Saturday, November 29, 2008

Doomed Detroit Depot

Detroit's Michigan Central Station was one of America's greatest train stations as well as one of the Motor City's grandest structures. In its heyday, it served crack trains of the New York Central, Baltimore & Ohio and Canadian Pacific railroads, among them the Ambassador, Cincinattian, Detroiter, Mercury and Twilight Limited.

Like most other urban terminals, Michigan Central's fortunes declined with the waning of passenger rail service during the 1950s and 1960s. When Amtrak began operations in 1971, it fielded only two daily departures to Chicago. Finally, in 1988, Amtrak gave up and exited for a new, smaller facility.

But Michigan Central did not share in the good fortune of depots in other large midwestern cities. While union stations in St. Louis, Indianapolis, Kansas City and Cincinnati were successfully converted to other uses and, in the latter three cases, still provide scaled-down passenger rail facilities, Michigan Central's last 20 years have been a gradual descent into hell. A collection of photographs by Joe Braun documents the extent of the deterioration.

It's a sad sight and not for the feint of heart. Seeing Joe's photos was disturbing for me because I have long held a warm spot in my heart for Michigan Central because it bookended my first overnight train trip, aboard New York Central's Wolverine, to attend my cousin's Bar Mitzvah in 1960. Even at the tender age of six, it seemed a majestic place that served as a fitting counterpoint to New York's Grand Central Terminal, where I had left the night before.

As Joe points out in his essay, Michigan Central was hurt by its location, a few miles south of downtown Detroit, and the lack of adequate parking. But its real enemy was the city it served, Detroit, the home of the industry that nearly killed passenger rail and caused severe harm to virtually every American city.

As everyone knows, the Big Three motor vehicle manufacturers - GM, Ford and Chrysler - are headquartered in Detroit or its suburbs. These companies were the engine that drove not only Detroit's economy, but also that of the the entire state of Michigan and, indeed, a good segment of the U.S. economy.

Americans flocked to automobiles, especially after World War II, and as they did passenger rail travel declined markedly. Consumer-friendly mortgage practices made home ownership a realizable dream for members of the growing middle class. Developers purchased farmland on the outskirts of cities and built tract houses upon it. Suburbia was born, and soon after superhighways, shopping malls and office parks followed.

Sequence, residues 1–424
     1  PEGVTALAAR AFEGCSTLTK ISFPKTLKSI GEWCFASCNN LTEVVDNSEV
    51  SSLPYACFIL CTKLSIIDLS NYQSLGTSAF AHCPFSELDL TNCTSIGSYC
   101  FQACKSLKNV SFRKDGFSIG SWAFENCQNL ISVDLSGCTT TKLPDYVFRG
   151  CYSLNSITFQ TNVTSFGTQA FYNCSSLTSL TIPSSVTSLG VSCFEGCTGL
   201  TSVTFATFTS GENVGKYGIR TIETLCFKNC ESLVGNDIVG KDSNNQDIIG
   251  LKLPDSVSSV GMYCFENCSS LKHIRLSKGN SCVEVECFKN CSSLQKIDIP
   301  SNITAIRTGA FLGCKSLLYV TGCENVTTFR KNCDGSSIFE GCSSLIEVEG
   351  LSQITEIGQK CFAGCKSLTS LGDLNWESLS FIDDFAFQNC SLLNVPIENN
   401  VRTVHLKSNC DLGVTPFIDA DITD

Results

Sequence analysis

New living and transportation patterns came, too. In cities that did not have strong public transportation, the movement of businesses to the suburbs became particularly acute. They lacked the infrastructure to handle the influx of tens of thousands of automobiles coming into downtown areas on a daily basis. Businesses realized they could move out to the suburbs where land was cheaper. They erected new corporate headquarters that spread out over several acres on plots containing large parking lots and lavishly landscaped grounds.

No city was more affected by this trend than Detroit. Even thought it ranked as the nation's fourth largest city in 1950 with a population of 1.8 million, it lacked a modern public transportation system; it's commuter rail network was minimal, at best. Its problems were exacerbated by the 1967 race riot, which accelerated the movement of white families to the suburbs.

Today, Detroit's population is around half of what it was in 1950, and most of those who remain lack the means to leave. Yet, it sits at the heart of a huge metropolitan area with a population of nearly 4.5 million people. Where did everyone go? To the suburbs, of course.

Detroit is America's greatest failure in social engineering. It created an industry that turned a city on itself. Ironically, that industry now appears to be failing, too, a victim of its deaf ear to the needs of the market it helped create. The Big 3 have come begging to Washington for a $25 billion bailout. I can think of a better place to put that money.